The decline is everywhere, evident to all, few maybe mentally competent to attribute that decline with anything remotely associated with its true cause but never the less the growing consensus is the party is coming to a close.
That said i can’t see any kind of meaningful insurrection taking place in the UK at the present particularly in light of the fact that the British Isles is one big goldfish bowl and the ruling regime already has everything in place to deal with such a action. However, I do believe that any form of insurrection is contingent upon the stability of the political centre, so the creeping economic and homogenous decline will, like with the Roman Empire, eventually begin to have an impact on the social sphere as the state finds it more and more difficult to impose its control. Once that happens and the System can no longer police the streets effectively or protect its corrupt officials from being physically confronted, I believe that we will see cracks appearing in the proverbial armour and territory will be ceded as a result, this territory won’t necessarily go to us of course as there will be multiple faiths/cultures, ideologies / sub groups all jockeying for their slice. but its up to us to be strong enough to be able to have a chance at our share. People have always spoken of revolution as something that will happen on one ‘almighty day’, but I think it will be more gradual than that and this is why Neo-aristocrats will, over time, become increasingly more relevant and necessary as a means of basic family survival not just in the UK but where ever our members happen to live and not simply as a lifestyle option for a few families In other words, there is a real inevitability about it all and those who scoff at us today will certainly be scrambling to apply it at some point in the future when all the other options have been exhausted.
William Cobbett was an English radical, journalist, politician, and farmer who famously said that “I defy you to agitate any fellow with a full stomach,” but things will change very quickly once people become desperate and that’s when the comparative luxury of docility will disappear altogether. The secret is to have everything in place before that happens, lest we get dragged into the hunger, disease, violence and criminality that will follow the collapse of the regimes. This is where revolutionary structures come in: home-schooling, bartering between like minded families, local exchange trading systems, alternative currencies, growing food, rural crafts, housing made from natural materials and anything else which operates outside of the existing system and which can effectively outlive it. Strengthen the periphery now and the centre will suffer as a result. They rely on our participation, but if we turn our backs on it all, the nation-states will begin to collapse that much sooner.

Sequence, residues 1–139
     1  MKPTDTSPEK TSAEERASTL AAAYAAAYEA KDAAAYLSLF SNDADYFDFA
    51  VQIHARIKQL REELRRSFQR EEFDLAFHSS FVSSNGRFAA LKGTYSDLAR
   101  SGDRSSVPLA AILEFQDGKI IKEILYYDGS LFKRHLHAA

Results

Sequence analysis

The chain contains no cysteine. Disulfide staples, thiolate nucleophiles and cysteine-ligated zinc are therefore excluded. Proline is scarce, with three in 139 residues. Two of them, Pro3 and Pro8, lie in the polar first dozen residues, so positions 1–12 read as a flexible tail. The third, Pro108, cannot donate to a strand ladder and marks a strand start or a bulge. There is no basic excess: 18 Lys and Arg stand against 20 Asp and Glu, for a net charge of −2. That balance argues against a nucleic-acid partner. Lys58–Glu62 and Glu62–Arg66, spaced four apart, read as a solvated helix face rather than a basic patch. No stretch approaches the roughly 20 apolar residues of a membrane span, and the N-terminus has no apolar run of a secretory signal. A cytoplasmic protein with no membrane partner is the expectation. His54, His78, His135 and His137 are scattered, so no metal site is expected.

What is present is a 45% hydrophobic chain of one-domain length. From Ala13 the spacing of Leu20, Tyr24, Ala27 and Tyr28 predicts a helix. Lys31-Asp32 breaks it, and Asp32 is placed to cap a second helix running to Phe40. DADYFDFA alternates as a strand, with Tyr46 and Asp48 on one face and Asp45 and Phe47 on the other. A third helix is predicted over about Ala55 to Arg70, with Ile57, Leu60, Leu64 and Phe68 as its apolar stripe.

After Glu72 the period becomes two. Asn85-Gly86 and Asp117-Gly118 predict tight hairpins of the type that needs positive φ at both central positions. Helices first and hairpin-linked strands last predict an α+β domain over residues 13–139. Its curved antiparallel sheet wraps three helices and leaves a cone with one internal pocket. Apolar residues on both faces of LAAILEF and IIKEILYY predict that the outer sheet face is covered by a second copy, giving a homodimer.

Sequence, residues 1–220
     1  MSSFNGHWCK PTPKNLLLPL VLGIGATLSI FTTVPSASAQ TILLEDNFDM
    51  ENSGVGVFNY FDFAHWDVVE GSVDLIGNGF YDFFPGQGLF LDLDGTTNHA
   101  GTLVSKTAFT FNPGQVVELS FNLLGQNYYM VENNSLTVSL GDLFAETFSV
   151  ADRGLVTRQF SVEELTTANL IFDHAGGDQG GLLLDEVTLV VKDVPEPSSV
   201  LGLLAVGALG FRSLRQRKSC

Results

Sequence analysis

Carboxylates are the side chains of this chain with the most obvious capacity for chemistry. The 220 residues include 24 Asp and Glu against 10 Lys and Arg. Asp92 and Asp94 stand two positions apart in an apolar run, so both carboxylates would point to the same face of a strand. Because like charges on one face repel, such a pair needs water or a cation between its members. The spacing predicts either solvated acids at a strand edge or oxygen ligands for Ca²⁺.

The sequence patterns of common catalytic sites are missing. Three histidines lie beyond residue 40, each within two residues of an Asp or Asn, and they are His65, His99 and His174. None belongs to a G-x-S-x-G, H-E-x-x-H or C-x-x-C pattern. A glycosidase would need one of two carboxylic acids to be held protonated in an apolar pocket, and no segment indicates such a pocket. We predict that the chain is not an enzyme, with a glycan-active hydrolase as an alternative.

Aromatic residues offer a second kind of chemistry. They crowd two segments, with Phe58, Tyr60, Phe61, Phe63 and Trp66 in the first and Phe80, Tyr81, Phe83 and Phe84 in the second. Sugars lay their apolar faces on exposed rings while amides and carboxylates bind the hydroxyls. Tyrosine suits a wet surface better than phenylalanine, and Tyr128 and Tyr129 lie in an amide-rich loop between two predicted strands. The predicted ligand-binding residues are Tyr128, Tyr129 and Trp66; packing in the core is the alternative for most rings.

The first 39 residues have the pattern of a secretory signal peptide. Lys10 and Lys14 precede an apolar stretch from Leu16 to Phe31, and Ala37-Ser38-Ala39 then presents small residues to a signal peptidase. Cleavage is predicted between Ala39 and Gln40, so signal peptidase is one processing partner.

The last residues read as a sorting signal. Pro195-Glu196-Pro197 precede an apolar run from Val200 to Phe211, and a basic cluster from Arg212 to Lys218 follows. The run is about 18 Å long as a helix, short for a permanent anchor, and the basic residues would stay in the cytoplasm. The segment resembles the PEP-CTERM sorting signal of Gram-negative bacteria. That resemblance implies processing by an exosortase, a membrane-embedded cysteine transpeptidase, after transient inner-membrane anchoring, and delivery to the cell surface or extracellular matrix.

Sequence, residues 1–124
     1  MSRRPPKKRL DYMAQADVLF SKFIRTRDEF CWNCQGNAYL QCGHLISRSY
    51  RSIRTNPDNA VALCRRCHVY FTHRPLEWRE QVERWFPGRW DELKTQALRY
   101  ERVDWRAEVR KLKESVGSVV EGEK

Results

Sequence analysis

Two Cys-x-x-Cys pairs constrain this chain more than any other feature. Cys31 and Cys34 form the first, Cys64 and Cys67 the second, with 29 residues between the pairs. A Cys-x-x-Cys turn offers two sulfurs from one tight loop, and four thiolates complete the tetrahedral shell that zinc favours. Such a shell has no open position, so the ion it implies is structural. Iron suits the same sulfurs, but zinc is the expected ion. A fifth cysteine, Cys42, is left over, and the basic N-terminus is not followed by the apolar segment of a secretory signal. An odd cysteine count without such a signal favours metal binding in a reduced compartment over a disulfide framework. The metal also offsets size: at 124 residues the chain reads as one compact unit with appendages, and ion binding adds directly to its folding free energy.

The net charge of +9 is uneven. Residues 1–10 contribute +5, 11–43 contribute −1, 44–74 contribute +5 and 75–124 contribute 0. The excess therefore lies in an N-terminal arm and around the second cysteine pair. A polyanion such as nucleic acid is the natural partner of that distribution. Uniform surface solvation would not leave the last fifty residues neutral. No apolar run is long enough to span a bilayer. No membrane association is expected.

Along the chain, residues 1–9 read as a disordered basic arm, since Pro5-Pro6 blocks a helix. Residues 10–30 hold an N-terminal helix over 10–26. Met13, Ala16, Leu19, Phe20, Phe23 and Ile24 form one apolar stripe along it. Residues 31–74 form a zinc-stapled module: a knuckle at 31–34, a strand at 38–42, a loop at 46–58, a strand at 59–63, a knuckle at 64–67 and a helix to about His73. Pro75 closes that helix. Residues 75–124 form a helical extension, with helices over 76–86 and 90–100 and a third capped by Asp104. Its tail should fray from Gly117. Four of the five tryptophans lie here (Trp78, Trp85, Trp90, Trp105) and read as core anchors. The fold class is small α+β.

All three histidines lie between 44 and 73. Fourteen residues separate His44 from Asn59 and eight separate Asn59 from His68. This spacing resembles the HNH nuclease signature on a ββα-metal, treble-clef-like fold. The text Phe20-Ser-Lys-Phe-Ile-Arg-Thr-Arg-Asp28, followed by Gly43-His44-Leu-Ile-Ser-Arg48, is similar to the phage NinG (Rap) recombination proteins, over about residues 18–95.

The beauty of being a Neo-aristocrat is i suppose the fact that it doesn’t matter if anyone believes in our goals and ethos. Its all about family, if our family is with us there is no limit. Collapse or not we continue to grow one child, one family at a time.
With Israel’s new war attracting headlines around the world and with It renewed focus on the Holy land and its turbulent and fascinating history we take a look at an exciting somewhat connected ancient discovery in a sleepy corner of the British countryside.
It might look like an unassuming rabbit hole, but this tunnel leads to a stunning network of caves dating back 700 years.
The caves are hidden less than a metre beneath a farmer’s field in Shropshire and were used by followers of the Knights Templar, a medieval religious order that fought in the Crusades. Knights Templar is an organisation that’s inspired many Traditionalists because of the bravery and purity of the knights, who protected Christian pilgrims in the Holy Land. An order that are of great inspiration to some Neo-aristocrats who of which have been known to try to emulate them in many ways, not least their selfless dedication to their faith and folk.
The order was founded at the height of the Dark Ages and was given space on the Temple Mount above the ruins of King Solomon’s Temple in Jerusalem.
The order attracted new members from all over Europe, before it was disbanded by Pope Clement V, in 1312. Some people continue to believe the knights simply went underground and to this day harbor a secret that could topple the Catholic Church.
Photographer Michael Scott, from Birmingham, ventured beneath ground to witness them for himself.
The 33-year-old said: “I traipsed over a field to find it, but if you didn’t know it was there you would just walk right past it.
“It’s probably less than a metre underground, so it’s more into the field than under it.
“Considering how long it’s been there it’s in amazing condition, it’s like an underground temple.”
The tunnel leads to a network of walkways and beautifully carved arches.
Scott added the cave was quite cramped and those nearing six feet tall would have to bend down to fit in.
He said: “I had to crouch down and once I was in it was completely silent.
“There were a few spiders in there but that was it. It was raining so the slope down was quite sludgy but inside the cave was bone dry.”